We started DAY I with Pecha Kucha presentations of all of our admitted participants. Through almost twenty-five different perspectives across various disciplines – including geography, architecture, visual communication, anthropology, and more – we discovered common themes:

Political mobilization (class warfare, political violence, resistance, etc.)

(Lack of) commons (physical and spatial division, creating spaces of encounter, participatory design, green urban spaces, etc.)

Questions around housing (self-construction, squatting, etc.)

Demographic flux (revitalization, displacement, gentrification, eviction and dispossession, etc.)

Tactics (interventions, occupation, architectural play, social and artistic performance, digital possibilities, counter-narratives, etc.)

All these various topics with can be looked at under the broad theme of urban transformation referring to questions of knowledge production and enhancing an understanding of local ways of knowing and doing. How do we visualize this kind of data? How do we use data? How do we offer intuitive uses?

The methodological exploration in engaged ethnography is a topic, which connects the participants and workshop contributors. What are new ways of mapping and accessible designs and genres, such mindmaps, collages, collective mapping, sketching? How can we push these methods forward and towards interdisciplinarity? What is embodied in experiencing the city and studying communities, cities and everyday practices through our senses? And what do we understand beyond vision, smell, hearing, taste, or touch?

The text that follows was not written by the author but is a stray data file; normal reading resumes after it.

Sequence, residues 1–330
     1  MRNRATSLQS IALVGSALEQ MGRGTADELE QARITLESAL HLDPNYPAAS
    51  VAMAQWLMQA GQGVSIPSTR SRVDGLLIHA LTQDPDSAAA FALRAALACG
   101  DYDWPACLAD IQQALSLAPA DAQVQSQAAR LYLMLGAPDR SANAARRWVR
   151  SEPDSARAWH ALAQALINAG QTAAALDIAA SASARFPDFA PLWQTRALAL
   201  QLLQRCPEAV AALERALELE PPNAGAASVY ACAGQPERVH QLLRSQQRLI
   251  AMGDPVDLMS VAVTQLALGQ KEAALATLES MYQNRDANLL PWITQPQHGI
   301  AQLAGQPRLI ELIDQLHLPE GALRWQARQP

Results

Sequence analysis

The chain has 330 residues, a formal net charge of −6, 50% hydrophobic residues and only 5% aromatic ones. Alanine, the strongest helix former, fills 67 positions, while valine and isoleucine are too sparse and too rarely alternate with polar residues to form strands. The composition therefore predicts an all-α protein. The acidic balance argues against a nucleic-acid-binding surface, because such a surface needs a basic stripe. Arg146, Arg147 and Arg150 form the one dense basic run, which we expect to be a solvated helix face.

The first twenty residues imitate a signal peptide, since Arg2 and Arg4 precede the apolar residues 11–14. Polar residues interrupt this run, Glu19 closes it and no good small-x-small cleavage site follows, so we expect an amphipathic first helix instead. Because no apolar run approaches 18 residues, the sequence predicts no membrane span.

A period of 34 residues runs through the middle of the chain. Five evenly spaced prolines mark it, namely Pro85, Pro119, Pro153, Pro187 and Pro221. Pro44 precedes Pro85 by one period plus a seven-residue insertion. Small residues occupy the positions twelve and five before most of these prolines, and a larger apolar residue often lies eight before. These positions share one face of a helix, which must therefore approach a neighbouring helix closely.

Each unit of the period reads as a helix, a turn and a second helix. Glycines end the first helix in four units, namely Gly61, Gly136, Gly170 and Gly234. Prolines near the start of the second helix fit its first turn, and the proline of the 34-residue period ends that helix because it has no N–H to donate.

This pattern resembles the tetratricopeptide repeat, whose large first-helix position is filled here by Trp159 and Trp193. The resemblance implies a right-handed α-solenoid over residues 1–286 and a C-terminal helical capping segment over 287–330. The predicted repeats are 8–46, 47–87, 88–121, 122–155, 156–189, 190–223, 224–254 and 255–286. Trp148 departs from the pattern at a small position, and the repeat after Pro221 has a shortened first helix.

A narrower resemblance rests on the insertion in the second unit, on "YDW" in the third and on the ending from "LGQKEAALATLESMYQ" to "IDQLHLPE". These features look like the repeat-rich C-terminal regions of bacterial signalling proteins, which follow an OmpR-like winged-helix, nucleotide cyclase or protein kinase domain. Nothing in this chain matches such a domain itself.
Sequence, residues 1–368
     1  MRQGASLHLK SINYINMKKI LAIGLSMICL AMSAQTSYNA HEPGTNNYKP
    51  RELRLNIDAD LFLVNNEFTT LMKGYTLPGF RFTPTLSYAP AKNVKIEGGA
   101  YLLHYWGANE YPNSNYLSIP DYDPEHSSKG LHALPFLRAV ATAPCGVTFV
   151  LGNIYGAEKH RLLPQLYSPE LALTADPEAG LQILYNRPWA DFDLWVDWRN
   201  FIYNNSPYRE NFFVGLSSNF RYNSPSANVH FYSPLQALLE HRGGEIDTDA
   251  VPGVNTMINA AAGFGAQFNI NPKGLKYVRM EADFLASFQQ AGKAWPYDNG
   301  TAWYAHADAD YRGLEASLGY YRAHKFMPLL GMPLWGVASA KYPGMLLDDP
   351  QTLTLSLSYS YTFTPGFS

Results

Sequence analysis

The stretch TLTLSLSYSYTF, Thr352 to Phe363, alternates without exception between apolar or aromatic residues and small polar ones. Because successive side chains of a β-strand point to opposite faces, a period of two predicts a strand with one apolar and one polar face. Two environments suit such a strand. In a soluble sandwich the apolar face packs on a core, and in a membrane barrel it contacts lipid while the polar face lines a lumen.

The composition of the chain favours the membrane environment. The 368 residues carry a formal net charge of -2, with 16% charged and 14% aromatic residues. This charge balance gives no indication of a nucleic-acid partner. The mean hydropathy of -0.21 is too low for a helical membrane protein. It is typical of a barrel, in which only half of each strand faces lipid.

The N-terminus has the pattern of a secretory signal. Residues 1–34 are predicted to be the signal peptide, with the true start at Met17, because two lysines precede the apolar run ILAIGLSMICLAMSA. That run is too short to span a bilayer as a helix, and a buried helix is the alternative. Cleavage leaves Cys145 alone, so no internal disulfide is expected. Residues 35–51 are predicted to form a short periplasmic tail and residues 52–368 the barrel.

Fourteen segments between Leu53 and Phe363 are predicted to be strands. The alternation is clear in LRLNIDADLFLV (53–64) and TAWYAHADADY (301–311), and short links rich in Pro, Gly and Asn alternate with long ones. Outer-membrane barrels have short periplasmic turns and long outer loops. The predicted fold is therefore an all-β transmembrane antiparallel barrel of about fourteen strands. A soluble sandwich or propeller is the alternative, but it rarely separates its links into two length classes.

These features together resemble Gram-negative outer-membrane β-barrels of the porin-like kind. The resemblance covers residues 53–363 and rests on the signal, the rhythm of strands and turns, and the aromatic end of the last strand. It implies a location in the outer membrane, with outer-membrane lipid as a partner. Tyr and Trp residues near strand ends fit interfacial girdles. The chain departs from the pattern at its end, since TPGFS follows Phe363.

Moderation: Aylin Yildirim Tschoepe

Posted by:Dr. Carolin Genz

Dr. Carolin Genz is currently a Postdoctoral Research Fellow and Lecturer at the Department for Cultural and Social Geography at the Humboldt-University and Research Associate in the Collaborative Research Centre 1265 "Re-Figuration of Spaces" in the project area "Knowledge of Space" at Technische Universtität Berlin. As an urban anthropologist in the intersecting fields of social anthropology, human geography, and urban studies, she constantly develops ethnographic methods to capture the socio-spatial constitution of urban practices. Her research focuses on spatial theory and practices of resistance, housing, and gender.

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